reactions

Drawing Particulate Models

Embracing the idea that students already create an image, create an idea, of what is happening when they observe a demonstration, lab or activity. The goal is to have the students make that model more concrete through drawing it.

Elements and Augmented Reality

Augmented reality is a type of technology that uses an app to turn a hidden QR code into a three dimensional object on a screen as viewed by your camera. Elements 4D attempts to bring augmented reality to chemistry.

Misconceptions and Struggles with Double Displacement reactions and dissolving...

Looking over my student's papers, there may have been more misconceptions created because of the way I planned the curriculum. In all of the experiments students can see and observe that not all of the crystals or material dissolves yet the water starts to conduct. In their minds there is evidence that they believe either something DOES dissolve or it does NOT. Clearly, partial dissolving is initially too much to consider.

An Interesting Way to look at Reactions....

Atomsmith works really well on Chromebooks and other platforms. Students can manipulate molecules, add water, do experiments, heat solutions and examine intermolecular forces all on the particulate level. Another nice feature is the "Experiment" section. There are a number of guided activities, usually never more than a page or two. I have found them to be great supplements for activities, experiments and demonstrations.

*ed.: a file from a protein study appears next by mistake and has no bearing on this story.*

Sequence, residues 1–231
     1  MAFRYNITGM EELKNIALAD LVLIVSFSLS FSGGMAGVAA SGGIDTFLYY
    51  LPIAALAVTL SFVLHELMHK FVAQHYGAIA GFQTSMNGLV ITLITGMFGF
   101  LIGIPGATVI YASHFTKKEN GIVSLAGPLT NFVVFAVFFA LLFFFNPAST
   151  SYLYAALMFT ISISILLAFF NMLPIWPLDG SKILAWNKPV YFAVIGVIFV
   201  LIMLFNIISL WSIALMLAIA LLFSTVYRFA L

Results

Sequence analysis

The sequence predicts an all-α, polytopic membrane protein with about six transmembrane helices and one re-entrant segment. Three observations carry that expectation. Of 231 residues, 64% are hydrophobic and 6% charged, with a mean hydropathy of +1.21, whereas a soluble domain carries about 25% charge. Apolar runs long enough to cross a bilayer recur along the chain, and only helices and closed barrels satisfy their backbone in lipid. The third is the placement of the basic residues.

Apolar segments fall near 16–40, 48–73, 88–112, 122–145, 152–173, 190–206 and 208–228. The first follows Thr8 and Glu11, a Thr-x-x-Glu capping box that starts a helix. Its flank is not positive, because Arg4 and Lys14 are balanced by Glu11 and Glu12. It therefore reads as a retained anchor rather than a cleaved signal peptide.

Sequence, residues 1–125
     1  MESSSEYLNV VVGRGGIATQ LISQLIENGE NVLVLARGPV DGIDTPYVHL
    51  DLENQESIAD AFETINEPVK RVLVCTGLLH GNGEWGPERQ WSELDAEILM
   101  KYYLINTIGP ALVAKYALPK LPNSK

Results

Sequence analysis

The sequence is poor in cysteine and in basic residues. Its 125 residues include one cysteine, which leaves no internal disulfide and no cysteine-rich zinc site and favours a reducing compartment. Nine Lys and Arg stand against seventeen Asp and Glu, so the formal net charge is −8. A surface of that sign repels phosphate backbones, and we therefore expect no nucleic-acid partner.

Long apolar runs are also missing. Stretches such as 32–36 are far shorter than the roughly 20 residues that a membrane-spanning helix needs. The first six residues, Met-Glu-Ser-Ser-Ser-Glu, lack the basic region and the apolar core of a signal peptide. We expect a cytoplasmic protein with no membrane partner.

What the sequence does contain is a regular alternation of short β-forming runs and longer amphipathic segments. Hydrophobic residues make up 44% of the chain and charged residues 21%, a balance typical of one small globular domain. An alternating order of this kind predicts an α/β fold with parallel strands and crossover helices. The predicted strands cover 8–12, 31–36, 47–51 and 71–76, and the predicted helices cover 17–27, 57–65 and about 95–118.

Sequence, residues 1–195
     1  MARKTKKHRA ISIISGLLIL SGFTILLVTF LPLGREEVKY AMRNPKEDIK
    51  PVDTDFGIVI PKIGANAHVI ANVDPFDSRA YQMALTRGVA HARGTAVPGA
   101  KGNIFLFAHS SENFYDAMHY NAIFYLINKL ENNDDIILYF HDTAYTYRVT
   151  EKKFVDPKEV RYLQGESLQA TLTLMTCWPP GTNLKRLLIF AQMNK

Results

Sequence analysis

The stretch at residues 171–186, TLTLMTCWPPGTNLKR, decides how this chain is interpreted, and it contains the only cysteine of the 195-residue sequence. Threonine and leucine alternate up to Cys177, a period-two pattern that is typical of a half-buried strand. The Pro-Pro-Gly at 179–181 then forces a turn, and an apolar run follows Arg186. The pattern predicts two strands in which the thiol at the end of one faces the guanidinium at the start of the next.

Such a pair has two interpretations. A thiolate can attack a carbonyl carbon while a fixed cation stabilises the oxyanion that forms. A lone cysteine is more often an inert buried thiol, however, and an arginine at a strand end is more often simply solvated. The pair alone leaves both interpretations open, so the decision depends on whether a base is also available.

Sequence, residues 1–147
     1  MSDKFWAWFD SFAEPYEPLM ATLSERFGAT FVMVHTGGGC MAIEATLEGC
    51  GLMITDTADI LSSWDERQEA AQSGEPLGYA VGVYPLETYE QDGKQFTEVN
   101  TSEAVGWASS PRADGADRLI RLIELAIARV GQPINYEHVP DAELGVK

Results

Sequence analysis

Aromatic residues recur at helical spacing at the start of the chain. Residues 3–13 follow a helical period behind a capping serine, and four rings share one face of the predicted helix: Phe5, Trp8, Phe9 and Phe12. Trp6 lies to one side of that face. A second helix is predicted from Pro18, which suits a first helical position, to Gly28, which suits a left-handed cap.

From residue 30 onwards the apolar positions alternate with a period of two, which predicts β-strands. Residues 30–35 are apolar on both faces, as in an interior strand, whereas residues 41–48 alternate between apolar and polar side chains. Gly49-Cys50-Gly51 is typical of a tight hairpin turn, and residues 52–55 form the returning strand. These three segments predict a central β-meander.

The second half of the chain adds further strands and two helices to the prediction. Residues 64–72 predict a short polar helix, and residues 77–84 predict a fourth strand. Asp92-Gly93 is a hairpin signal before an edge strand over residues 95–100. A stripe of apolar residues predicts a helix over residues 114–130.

Practicums in Chemistry

The purpose of a lab practicum is to assess a student’s understanding of the content by completing a hands-on challenge. These assessments focus more on problem-solving skills than technique. 

How do you Incorporate Equilibrium Into Your Curriculum?

Throughout the last ten years teaching both chemistry and Advanced Placement Chemistry I have realized that the concept of equilibrium does not receive enough attention in my first-year chemistry course. Sure, the concept of equilibrium is a topic mentioned and identified throughout the course however the dialogue in regards to conditions that would shift the chemical system is minimal at best.

A Look Into My General Chemistry Reactions Unit- Supporting Students with Making Connections among the Nanoscopic and Macroscopic

Organic chemistry was when I fell in love with chemistry. Also known as Chem 210 at the University of Michigan, it was the first time I actually started to connect what was going on at the nanoscopic level to the macroscopic world. Since then, I’ve been hooked.

 

Kinetics Review

In one of my last blog posts I wrote of how I sometimes enjoy ending a unit with a series of demonstrations and using them to elicit a dialog between the students and myself to check for understanding. It is always a fascinating experience to hear the misconceptions that many students have the day before the test.